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Guide to Noseweight

What is Noseweight?

Nose weight is a measurement of the vertical load (or downward force) placed on a vehicle’s towball from the caravan/trailer’s hitch (or coupling).

For stability while towing it’s important that the noseweight is correct. If your noseweight is too low, there’s not enough downward force on the car’s rear tyres and this can cause problems especially on rear wheel drive cars. Equally, if the noseweight is too high, it can put strain on the vehicle’s suspension or even cause the vehicle to ‘lift’ from the front.

The terms Noseweight, S Value, Vertical Load Limit and Tongue Load are all different terms for the same thing.

What is S Value?

S Value (or ‘Static Value’) refers to the maximum noseweight that a component (e.g. a towball or hitch) can take without failing. In other words it’s the mass that you can load onto the ball/assembly in a purely downward direction without it failing.

How do I Know what the Noseweight Should Be?

When you hitch (attach) a trailer or caravan onto a towball, a vertical force is pushing down on the ball – this is the noseweight. There is an ideal noseweight which ensures stability when towing. This is the noseweight you need to find.

Imagine a chainlink where each link represents a noseweight (or vertical load limit) of one of the main components involved when towing. Here’s a list of those components…

  1. Hitch
  2. Towball
  3. Vehicle
  4. Towbar

To find your optimum noseweight you need to find the weakest link in the chain i.e. you need to find the component which has the lowest noseweight limit.

No1 – The Hitch

Usually this will be stamped on the hitch. e.g. an Alko caravan hitch will usually have a noseweight limit of 100kg,

No2 – The Towball

A standard towball has a noseweight limit (referred to as S Value) of 200kg. You rarely have to worry about the Towball’s noseweight as it’s almost always higher than the other components.

No3 – The Vehicle

Regarding the vehicles recommended noseweight, I tried to find the recommended noseweight for a Ford Focus by searching the vehicle handbook but couldn’t find anything.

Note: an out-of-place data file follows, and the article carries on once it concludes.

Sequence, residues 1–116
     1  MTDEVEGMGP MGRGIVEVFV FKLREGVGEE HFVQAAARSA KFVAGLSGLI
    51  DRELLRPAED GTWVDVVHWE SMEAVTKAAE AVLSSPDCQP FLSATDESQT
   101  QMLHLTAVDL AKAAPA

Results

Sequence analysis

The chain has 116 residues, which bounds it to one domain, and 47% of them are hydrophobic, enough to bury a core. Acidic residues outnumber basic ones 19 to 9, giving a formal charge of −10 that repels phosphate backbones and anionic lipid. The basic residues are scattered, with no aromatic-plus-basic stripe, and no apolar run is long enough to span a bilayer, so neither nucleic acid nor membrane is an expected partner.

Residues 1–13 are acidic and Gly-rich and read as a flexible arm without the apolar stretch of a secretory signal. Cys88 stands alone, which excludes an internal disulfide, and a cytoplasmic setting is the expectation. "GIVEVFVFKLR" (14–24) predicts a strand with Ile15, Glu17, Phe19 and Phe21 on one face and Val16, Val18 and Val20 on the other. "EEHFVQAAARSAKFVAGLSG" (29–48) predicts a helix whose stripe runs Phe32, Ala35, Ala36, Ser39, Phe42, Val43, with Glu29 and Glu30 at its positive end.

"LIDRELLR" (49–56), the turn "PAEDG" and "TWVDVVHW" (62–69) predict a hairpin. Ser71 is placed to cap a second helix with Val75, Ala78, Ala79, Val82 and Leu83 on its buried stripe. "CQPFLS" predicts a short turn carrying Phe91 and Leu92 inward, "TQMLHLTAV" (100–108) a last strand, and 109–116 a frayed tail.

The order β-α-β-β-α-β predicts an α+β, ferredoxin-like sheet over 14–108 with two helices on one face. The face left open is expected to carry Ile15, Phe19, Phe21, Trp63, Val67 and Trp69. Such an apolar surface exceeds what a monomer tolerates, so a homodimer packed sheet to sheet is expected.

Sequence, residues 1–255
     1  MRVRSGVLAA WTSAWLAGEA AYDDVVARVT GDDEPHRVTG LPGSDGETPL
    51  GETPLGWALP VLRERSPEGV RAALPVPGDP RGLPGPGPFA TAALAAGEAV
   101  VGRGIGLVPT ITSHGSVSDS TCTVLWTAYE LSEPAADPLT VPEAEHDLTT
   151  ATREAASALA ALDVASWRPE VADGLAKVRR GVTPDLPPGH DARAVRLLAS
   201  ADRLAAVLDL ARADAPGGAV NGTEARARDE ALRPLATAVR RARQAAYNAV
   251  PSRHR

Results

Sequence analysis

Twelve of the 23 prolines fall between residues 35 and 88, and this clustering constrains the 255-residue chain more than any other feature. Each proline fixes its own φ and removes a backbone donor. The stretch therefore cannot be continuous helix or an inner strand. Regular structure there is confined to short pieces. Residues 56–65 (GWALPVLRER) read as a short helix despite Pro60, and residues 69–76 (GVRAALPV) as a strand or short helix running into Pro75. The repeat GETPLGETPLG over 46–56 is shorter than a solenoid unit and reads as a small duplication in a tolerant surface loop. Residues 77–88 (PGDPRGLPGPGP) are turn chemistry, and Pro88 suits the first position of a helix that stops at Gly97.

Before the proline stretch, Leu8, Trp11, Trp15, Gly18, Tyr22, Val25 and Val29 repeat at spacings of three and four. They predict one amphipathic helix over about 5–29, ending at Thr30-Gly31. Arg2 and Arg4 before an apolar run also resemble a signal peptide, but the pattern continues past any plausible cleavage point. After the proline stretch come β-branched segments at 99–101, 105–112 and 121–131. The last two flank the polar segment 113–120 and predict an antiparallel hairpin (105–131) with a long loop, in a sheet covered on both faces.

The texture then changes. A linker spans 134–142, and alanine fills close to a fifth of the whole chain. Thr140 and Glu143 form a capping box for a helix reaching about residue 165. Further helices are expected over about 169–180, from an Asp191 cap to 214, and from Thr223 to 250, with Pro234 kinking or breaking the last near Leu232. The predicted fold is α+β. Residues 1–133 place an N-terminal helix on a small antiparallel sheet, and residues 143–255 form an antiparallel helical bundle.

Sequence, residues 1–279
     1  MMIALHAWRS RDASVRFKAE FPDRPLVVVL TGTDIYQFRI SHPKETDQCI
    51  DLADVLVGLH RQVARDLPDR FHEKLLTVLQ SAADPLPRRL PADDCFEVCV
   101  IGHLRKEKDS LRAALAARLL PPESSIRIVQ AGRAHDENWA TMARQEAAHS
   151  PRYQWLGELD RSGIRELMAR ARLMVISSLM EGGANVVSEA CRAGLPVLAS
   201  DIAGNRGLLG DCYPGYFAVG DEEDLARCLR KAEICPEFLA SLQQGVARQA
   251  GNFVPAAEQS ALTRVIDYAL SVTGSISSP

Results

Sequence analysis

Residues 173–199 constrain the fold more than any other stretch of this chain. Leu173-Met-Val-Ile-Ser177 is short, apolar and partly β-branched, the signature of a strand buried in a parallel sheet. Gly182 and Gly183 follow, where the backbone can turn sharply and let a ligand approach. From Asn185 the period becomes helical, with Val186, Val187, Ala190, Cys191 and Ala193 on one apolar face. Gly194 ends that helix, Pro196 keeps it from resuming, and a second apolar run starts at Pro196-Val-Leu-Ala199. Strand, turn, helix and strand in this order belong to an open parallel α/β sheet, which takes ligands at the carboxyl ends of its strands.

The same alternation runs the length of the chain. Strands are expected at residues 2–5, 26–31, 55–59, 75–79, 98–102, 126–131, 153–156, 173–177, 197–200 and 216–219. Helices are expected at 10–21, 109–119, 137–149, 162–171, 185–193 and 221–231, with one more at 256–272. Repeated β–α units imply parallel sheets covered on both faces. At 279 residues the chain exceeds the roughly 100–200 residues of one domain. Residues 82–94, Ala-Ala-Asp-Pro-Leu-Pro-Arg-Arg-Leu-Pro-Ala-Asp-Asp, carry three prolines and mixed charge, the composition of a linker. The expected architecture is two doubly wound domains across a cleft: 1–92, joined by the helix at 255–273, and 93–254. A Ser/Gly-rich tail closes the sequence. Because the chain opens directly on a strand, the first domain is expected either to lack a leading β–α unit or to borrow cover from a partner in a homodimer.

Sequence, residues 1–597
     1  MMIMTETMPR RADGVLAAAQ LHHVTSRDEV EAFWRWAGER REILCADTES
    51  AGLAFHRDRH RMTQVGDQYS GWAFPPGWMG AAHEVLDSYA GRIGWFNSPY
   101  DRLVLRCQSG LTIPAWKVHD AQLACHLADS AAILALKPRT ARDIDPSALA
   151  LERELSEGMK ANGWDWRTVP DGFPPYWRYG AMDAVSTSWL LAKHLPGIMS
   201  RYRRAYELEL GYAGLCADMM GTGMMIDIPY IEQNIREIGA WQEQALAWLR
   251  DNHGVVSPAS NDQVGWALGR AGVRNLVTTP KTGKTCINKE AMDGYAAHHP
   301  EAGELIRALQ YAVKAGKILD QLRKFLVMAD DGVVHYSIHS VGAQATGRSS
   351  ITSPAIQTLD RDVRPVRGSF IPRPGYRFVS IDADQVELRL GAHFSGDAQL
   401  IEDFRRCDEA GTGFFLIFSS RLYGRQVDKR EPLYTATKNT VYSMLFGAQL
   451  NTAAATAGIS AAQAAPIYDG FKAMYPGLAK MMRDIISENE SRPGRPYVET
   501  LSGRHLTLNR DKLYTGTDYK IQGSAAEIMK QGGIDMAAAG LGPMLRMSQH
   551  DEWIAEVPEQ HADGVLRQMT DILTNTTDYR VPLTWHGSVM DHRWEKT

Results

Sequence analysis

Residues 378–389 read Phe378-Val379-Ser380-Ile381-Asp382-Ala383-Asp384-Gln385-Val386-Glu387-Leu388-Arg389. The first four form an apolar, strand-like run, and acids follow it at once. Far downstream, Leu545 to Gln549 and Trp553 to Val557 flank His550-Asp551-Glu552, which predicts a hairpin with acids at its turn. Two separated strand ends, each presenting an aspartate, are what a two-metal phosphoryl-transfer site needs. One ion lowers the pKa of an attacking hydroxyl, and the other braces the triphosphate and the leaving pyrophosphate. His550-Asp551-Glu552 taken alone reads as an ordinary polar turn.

It’s supposed to be in the handbook but it won’t always be. In such cases you can call the dealership and they should tell you. Alternatively, the UK Caravan Club provided a table of Vehicle Noseweights on this link (page 4 – newer models might not be on here).

2014-05-22 13.57.41No4 – The Towbar

The towbar will be designed to cope with the vehicles noseweight limit (No3), but I recommend you also check the vehicle manufacturers noseweight recommendation because there are some cases where a particular towbar will fit more than one model/engine and variant could have different noseweight. e.g. a Bmw 3 series saloon may have a different noseweight to an estate even though the towbar is the same. The photo shows the towbar specs plate for a Ford Focus towbar; this tells us the Max vertical load is 75Kg.

Once you have all the figures….

Simple – Pick the lowest. The Vehicle’s Noseweight Limit is usually the deciding one. (i.e. set by the vehicle manufacturer and usually found in the handbook). Let’s say for example, it’s 75Kg.

Get yourself a good Noseweight Gauge, load up the caravan and read the weight on the gauge. You want to get as close to your noseweight limit as possible (in my case 75kg), without going over.

Estimating a Caravan’s Noseweight?

Let’s say you’re buying a caravan and you need to know whether your vehicle will be suitable to tow it. An accepted practice is to estimate 5-7% of the caravan’s MTPLM (which is basically 5-7% of the laden weight). Modern caravans seem to be getting heavier, whereas vehicle noseweight limits are not, so I recommend you always check before choosing the caravan or car. It might well be that you need a bigger car.

How to Adjust The Noseweight

Move objects around.

Case 1 – Noseweight too high

Try to move things back towards the axle line of the caravan or trailer. You should not move things any further back than the axle as this can cause instability. If you’ve loaded across the axles and the weight is still too high, I’m afraid you will need to unload something.

Case 2 – Noseweight is too low

If your noseweight is too low, then you can move things forward to get more weight towards the towball and so increase the noseweight.

Conclusion

The above procedure might seem tedious/complicated, but the good news is that as long as your loads don’t drastically change e.g. what you take on holiday doesn’t fluctuate much, then you shouldn’t need to do it that often.